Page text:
Figure 19: Structure of a 3D model with computed on a grid of at a resolution of at ( left), middle), and ( right), respectively. Shown is the volume rendered magnetic field strength (blue to green), and a redorange iso surface corresponding to ( left and middle) and ( right), respectively. The red, green, and blue axes point into , , and z direction, respectively. Channel flows can be identified as green sheetlike structures. 

Open with DEXTER  
In the text 
Figure 20: Evolution of the mean magnetic energy density e (solid black line), the mean energy densities corresponding to the (dotted red), (dashed brown), and z (dashdotted green) component of the magnetic field, and the absolute value of the mean Maxwell stress component (dashed blue line) for models with an initially uniform magnetic field G in zdirection, and a rotation law given by s^{1} and . The panels show a 2D model computed in a box of ( left), a 3D model computed in a box of ( middle), and a 3D model computed in a box of ( right), respectively. The grid resolution is in all three cases. 

Open with DEXTER  
In the text 
Figure 21: Same as middle and right panel of Fig. 19, but showing besides the volume rendered magnetic field strength (blue to green) also the magnetic field lines, which are obtained by starting the integration of the magnetic field at two surfaces of constant coordinate (i.e., orthogonal to the green axis) at the left and right hand side of the domain. The field lines originating from the left and right surface are plotted in red and yellow, respectively. The right panel shows, in addition, the isosurface (i.e. the magnetopause).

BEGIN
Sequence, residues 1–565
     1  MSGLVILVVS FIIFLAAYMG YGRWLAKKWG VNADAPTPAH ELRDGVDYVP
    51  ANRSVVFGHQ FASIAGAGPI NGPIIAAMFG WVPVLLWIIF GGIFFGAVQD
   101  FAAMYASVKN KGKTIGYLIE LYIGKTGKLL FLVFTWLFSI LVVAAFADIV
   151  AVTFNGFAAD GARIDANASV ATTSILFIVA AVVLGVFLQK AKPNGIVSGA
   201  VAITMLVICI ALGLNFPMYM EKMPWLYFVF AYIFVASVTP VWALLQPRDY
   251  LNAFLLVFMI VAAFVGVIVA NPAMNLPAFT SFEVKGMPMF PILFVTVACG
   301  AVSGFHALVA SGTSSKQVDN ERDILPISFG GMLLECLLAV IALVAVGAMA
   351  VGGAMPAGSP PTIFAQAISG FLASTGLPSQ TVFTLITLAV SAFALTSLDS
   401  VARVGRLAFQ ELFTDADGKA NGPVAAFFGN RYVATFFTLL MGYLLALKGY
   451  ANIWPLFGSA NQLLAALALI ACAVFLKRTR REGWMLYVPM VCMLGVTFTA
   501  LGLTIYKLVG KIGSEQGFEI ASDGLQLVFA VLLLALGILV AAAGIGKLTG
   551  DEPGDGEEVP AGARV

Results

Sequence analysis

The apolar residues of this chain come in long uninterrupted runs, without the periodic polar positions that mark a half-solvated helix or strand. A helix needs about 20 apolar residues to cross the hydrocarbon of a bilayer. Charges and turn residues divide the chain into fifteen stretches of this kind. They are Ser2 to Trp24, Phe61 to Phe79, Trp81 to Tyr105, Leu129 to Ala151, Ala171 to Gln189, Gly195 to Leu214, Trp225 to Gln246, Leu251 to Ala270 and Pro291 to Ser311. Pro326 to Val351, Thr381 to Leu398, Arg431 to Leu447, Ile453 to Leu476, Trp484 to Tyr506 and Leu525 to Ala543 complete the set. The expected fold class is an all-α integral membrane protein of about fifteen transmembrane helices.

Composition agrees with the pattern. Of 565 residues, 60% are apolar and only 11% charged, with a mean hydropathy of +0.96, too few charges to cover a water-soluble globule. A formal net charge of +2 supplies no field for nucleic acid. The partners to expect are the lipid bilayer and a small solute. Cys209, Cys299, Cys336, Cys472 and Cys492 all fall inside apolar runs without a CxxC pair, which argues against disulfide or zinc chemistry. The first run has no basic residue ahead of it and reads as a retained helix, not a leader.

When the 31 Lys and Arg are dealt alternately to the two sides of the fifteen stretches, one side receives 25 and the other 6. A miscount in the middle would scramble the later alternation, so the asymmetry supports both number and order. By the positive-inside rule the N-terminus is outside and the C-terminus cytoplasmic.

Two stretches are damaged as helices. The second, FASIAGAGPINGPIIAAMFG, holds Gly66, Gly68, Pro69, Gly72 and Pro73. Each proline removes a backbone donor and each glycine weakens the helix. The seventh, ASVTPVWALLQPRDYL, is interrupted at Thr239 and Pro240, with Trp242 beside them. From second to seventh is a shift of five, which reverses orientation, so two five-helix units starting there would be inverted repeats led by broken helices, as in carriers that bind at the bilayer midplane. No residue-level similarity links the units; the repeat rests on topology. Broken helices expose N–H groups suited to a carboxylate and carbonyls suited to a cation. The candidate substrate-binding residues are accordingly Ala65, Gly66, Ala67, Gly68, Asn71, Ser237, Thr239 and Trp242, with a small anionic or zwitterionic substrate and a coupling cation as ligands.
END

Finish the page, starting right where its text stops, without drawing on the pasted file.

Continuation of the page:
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In the text 
Figure 22: Volume rendered magnetic field strength of a model with computed in a box of with a resolution of at ( left) and ( right), respectively. The coordinate directions are indicated as in Fig. 19. 

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In the text 
Figure 23: The left panel shows the ratio of the maximum Maxwell stress per unit volume, , and its value at MRI termination, , as a function of the toroidal and radial aspect ratios, and for the models listed in Table B.3. The right panel shows the ratio of averaged over the saturation phase and the value at MRI termination. Each model is represented by a symbol its color reflecting its maximum Maxwell stress. All models are computed imposing velocity damping at the radial grid boundaries. 

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In the text 
Figure 24: Same as Fig. 23, but for models where no velocity damping is applied at the radial grid boundaries. 

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In the text 
Figure 25: Volumeaveraged Maxwell stress component at MRI termination as a function of the initial magnetic field strength, b_{0}, for axisymmetric models with uniform initial magnetic field in zdirection, a rotational profile s , and a vanishing entropy gradient for a set of 3D models computed with (asterisks) and without (diamonds) velocity damping at the radial boundaries. Models computed in a box with a radial size of 1 km and 0.5 km are shown with green and blue symbols, respectively. The colored bands are the same as in Fig. 8. 

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In the text 
Figure 26: Evolution of the mean magnetic energy density e (solid black line), the mean energy densities corresponding to the (dotted red), (dashed brown), and z (dashdotted green) component of the magnetic field, and the absolute value of the mean Maxwell stress component (dashed blue line) for a 3D model belonging to the mixed regime. The model rotates differentially with and . The initial entropy gradient is , and the initial magnetic field strength is . The model was simulated in a box of size and on a grid of zones. 

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In the text